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Sigma 17-70/2.8-4-OS [vs] Nikon 16-85/3.5-5.6-VR2

hunter wimmer , Feb 19, 2011; 04:11 p.m.

I'm searching for a new main/single lens to pair with my D7000. previously the 24-85/2.8-4 served me well on my D100 (and might actually be the answer

In a lens, I'm looking for versatility without compromising quality. I rarely shoot telephoto past the 85mm mark (DX sensor) and I've rarely wanted a longer lens (and when I do, I might reach for a 70-300), but I have often wanted something wider without too much distortion. I shoot a lot of architecture and "square things", so distortion is a big factor as is a large max aperture for hand-held work and nice subject-ground separation. I also tend to shoot a lot of details, so the macro capabilities of the 24-85 have proven very useful and I've yet to come up against a macro-limitation when using it for close work. Overall clarity is also a concern. I remember shooting with a 10X+ zoom years ago and everything at every length seemed muddy... so i've been drawn to the more modest zooms. I also tend not to change lenses often, so a one-lens solution (with a few others like a 50/1.4 and a tele-zoom for those rare, rare needs ) is a must.

Concerns in order:
1: One lens solution:
... wide-zooms and primes are purposefully not on the list
... I need wider than 24mm (16-18) and something approaching 70-85mm on the long end (50mm is too short)
2: Distortion
... the distortion on the 24-85 isn't bad, but it's terrible on the 18-105
3: Clarity
... my 24-85 seems plenty clear with good contrast
4: Close focusing
... with my 24-85, i've not needed a "real" macro and i shoot enough random close details that a "built-in" macro is handy
So far, in addition to my existing 24-85, I've paired it down to 2 others -- each with pros and cons (and eliminating another -- the 18-105)

// Nikon 18-105: (I'm eliminating this one).
-- I own it (came with the D7000)
-- distortion + vignetting
-- 3.5 base aperture
-- poor built quality
-- VR1

// Nikon 25-85/2.8-4macro pros:
-- I own it
-- 2.8 base aperture
-- Fairly clear (by my estimation)... so this might be a good measure against the other lenses
-- Macro capabilities
-- Nice build quality (by my estimation)... so this might be a good measure against the other lenses
-- 24mm is limiting on the wide side
-- Lack of VR or OS (image stabilization)

// Nikon 16-85/3.5-5.6
-- Wide end flexibility
-- VR2
-- No macro
-- 3.5 base aperture
-- Cost (higher)

// Sigma 17-70/2.8-4-OS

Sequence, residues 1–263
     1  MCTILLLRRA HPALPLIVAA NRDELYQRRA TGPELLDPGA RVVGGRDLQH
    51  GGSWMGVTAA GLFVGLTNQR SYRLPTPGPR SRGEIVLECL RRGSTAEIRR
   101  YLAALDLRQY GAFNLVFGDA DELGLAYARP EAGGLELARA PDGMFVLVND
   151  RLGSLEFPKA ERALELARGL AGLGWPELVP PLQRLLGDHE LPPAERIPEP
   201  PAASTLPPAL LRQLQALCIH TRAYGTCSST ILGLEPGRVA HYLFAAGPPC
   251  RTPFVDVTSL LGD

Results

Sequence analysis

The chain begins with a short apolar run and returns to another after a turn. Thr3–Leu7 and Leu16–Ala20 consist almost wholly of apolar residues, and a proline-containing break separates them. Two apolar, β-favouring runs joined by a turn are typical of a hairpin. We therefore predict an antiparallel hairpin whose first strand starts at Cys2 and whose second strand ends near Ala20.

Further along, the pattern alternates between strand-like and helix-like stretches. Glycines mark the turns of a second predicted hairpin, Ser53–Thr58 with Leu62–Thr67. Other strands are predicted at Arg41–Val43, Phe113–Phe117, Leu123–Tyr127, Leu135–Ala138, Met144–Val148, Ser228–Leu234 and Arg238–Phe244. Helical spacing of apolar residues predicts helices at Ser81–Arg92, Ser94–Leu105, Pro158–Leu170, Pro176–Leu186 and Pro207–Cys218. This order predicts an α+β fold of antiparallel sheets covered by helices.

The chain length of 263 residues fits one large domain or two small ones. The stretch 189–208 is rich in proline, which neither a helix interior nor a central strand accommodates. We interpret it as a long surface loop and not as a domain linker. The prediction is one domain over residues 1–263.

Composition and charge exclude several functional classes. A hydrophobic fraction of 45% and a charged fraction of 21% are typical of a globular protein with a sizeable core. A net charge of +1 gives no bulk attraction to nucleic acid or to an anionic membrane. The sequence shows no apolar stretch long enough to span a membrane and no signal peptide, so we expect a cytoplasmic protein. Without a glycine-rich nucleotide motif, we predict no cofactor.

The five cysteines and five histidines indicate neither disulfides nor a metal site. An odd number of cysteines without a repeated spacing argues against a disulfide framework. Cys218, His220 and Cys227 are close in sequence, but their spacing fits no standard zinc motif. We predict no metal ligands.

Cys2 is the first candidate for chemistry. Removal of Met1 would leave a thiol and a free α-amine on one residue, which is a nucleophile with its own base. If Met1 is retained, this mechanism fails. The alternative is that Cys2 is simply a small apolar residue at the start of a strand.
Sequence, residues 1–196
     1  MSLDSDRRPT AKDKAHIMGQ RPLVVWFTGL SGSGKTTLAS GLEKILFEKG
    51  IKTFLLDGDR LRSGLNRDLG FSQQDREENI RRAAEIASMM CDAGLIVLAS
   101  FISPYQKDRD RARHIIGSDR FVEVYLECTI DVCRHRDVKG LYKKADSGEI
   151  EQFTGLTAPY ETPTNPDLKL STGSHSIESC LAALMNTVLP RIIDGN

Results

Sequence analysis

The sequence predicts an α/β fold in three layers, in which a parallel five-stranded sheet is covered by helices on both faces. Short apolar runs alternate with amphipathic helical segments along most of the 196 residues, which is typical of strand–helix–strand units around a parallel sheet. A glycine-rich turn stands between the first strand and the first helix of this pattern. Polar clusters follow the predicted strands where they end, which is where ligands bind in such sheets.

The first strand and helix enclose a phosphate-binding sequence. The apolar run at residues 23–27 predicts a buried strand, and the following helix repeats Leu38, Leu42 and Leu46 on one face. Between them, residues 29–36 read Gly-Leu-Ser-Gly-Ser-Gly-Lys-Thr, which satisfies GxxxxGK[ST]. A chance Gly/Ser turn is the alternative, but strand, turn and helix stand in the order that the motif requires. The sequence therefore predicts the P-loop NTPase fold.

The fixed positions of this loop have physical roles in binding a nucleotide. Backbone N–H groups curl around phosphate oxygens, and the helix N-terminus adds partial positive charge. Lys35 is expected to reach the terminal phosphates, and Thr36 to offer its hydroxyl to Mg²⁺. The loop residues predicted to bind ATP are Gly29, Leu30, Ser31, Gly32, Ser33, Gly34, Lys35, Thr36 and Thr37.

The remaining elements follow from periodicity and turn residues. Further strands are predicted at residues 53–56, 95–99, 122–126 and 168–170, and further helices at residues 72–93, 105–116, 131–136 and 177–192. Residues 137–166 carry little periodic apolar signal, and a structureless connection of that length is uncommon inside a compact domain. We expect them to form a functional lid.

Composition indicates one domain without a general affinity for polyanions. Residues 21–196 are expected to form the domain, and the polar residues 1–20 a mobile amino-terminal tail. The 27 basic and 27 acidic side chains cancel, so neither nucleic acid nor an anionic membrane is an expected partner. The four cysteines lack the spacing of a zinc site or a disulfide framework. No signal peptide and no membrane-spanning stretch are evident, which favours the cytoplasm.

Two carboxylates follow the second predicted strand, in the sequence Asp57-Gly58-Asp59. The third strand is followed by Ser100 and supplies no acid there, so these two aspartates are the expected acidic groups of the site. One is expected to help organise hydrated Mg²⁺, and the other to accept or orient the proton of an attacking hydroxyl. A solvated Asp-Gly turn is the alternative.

-- Cost (lower)
-- Macro
-- 2.8 base aperture
-- OS
-- 15mm less on the long end
-- Not a nikon-brand lens (does this matter?)

It really seems the decision is between the Sigma 17-70 and the Nikon 16-85... and the Sigma seems to be pulling ahead on paper. Your thoughts appreciated (and thanks for your patience and wisdom).


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Andy L , Feb 19, 2011; 04:25 p.m.

The 16-85 does have slightly less distortion than most kit lenses, but $600+ is too expensive for what it is. I'd go with the Sigma. It's just as good, with better close focus and a more reasonable price tag.

Eric Arnold , Feb 19, 2011; 05:03 p.m.

i would say a big con of the 16-85 is the 5.6 aperture on the long end. there are P&S cameras which are f/2.5 at 112mm! in real-world terms, this effectively limits the 16-85 to daylight use in good light. generally, i would opt for constant 2.8 across the range, so i would also consider the tamron 17-50 and sigma 17-50. to me this is more important than the longer overall range, but YMMV.

i'm afraid, though, there are no easy solutions; any lens in this field will represent a compromise on some level. i assume your main reason for wanting to replace the 24-85 is the wider zoom range. but, and this must, be pointed out, any lens you get is going to leave you with three zooms which overlap focal lengths considerably. so i'm not sure i wouldn't just keep the 24-85, sell the 18-105, and buy an UWA like the 10-20 or 10-24, and maybe the 85/1.8.

John Crowe , Feb 19, 2011; 06:02 p.m.

For the first time I agree with Eric. Keep your current zoom for what you find it excells at, and get another zoom to go alongside it that achieves different purposes. Part of the problem is that any of the generic zooms in the range you are looking at, especially with VR/OS, will likely be poorer performers than the one that you already have.

I would add the Sigma 12-24 (also good for full frame) and the Nikon 18-35mm f3.5-4.5 D ED IF to the list. For those rare occasions when you absolutely need VR you could get that 50/1.4 instead or add a used Nikon 18-55 VR for less than $100 USD.

hunter wimmer , Feb 19, 2011; 06:16 p.m.

Thanks for the early/quick insight.